The California Universal Meals program allows for district nutrition programs to receive the necessary funding to provide free breakfast and lunch to all public school students, regardless of income status. According to Nicholas Filipas, spokesperson for the California Department of Education, “Building on the historic budget investments for our California students and schools, Universal Meals is one of seven key pillars for transforming schools designed to help students heal, recover, and thrive while maximizing this once-in-a-generation opportunity to break the cycle of educational inequity, including nutrition insecurity”. All lunch debts have also been forgiven for previous outstanding balances on student accounts. Some school districts, such as Sacramento City Unified (SCUSD), have been providing most if not all of their students with free meals since the start of the pandemic.

Temporary free lunch programs were offered at districts across the state during the height of the COVID-19 pandemic when students began returning to school. Filipas remarks, "With the start of the new school year, California has expanded the existing state meal mandate, and now each school day, public school districts, county offices of education, and charter schools will make available at no charge/cost to all students (regardless of their individual eligibility) breakfast and lunch”. California's Universal Meals legislation extends these free lunch programs for students indefinitely and indiscriminately. Students at SCUSD were also not being denied food regardless of whether or not they were able to pay for school meals. District nutrition programs are federally funded separately from the school district. These departments are reimbursed by the state for every student that is provided free meals for the cost of the food, resources and labor.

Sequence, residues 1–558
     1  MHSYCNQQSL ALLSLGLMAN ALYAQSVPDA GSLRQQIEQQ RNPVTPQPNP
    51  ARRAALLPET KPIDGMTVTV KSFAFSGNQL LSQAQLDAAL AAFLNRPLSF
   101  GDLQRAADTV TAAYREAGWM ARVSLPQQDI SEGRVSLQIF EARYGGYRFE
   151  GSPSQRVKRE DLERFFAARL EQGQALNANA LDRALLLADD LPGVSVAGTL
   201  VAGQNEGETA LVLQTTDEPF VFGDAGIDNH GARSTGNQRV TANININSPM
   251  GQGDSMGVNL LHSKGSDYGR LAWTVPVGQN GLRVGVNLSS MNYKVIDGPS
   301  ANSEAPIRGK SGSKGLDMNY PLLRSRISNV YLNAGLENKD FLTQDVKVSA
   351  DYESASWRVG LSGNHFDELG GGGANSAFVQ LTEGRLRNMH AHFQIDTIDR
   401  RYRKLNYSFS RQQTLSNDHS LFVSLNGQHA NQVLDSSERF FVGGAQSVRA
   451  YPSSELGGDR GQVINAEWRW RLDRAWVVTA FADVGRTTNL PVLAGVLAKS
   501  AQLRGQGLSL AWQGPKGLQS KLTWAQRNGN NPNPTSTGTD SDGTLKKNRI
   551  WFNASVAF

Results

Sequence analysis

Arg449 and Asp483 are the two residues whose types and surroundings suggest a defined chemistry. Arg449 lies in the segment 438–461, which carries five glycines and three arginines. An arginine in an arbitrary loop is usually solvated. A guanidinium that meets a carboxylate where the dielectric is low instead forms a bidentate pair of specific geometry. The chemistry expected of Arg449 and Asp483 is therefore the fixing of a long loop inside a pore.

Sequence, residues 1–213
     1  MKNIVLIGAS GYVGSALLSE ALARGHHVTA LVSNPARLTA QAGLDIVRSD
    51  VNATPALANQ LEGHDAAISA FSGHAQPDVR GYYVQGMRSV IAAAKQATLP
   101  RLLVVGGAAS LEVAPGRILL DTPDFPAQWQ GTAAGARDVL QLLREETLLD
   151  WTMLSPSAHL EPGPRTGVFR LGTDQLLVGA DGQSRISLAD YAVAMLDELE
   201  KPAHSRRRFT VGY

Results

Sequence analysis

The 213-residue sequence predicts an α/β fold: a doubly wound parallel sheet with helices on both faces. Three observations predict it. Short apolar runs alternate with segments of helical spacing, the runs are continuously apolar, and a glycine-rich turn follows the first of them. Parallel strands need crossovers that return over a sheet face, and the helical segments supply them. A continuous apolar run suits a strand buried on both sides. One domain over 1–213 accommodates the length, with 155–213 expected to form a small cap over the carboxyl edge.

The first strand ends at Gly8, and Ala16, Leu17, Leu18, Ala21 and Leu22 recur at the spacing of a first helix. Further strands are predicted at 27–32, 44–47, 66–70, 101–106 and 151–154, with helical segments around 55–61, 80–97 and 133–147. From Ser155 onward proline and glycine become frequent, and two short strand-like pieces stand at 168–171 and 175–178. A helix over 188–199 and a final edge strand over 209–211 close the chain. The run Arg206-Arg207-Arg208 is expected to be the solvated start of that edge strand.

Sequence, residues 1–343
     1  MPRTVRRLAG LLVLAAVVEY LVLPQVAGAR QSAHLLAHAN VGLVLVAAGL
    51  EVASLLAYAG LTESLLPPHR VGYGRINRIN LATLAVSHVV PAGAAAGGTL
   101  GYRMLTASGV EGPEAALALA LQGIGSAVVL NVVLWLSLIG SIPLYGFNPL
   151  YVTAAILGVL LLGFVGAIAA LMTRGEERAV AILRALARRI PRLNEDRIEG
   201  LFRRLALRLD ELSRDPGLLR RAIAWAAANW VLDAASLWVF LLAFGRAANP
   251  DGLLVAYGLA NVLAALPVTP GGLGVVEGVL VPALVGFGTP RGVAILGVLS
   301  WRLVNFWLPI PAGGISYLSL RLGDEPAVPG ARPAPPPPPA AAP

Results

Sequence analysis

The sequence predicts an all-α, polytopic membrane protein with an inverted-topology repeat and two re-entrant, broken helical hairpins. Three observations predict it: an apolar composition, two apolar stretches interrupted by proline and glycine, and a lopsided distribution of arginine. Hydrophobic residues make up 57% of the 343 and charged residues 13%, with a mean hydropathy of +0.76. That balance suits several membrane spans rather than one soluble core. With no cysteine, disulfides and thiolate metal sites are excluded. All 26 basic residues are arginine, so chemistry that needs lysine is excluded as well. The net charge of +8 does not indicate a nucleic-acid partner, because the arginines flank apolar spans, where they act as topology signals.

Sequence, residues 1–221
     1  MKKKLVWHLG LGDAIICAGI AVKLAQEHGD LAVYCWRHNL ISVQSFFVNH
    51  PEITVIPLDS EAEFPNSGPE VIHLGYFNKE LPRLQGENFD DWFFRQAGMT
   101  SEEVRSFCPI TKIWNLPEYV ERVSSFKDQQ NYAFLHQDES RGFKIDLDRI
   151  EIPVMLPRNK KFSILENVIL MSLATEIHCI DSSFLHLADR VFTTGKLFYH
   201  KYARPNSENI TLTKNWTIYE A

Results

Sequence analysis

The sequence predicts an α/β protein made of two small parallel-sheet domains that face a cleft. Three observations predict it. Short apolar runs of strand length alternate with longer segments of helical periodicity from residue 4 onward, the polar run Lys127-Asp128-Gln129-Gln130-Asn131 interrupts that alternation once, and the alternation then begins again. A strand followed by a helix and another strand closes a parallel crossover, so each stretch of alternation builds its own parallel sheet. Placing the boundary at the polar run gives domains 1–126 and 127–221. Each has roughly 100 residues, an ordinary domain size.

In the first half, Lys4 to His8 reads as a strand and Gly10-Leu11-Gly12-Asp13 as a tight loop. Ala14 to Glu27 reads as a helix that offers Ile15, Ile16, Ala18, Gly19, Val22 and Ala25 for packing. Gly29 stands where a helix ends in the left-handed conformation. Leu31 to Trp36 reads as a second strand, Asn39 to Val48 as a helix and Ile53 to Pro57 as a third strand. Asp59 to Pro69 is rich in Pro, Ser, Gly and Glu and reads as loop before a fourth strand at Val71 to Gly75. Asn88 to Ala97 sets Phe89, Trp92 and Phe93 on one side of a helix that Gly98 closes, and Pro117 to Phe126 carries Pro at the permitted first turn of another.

Now that school breakfast and lunch will be free to all at California public schools, nutrition departments at SCUSD and across the state will receive as much federal funding as is necessary to feed its students. More information and frequently asked questions can be found through the California Department of Education or by contacting local school district offices. In other news, we now have a total of 21 states that were authorized by waiver to send out additional $95 SNAP emergency allotments to residents for the month of September. And the list is as follows. As you know, each state has their own unique dates for receiving their benefits. For example, in Illinois, there’s actually a table where they show you what the regular emergency allotment dates are, alongside what the new September dates are going to be. So you’ll know exactly which old date to ignore and which new date to look out for, for receiving your benefits in the upcoming month.

5 views0 comments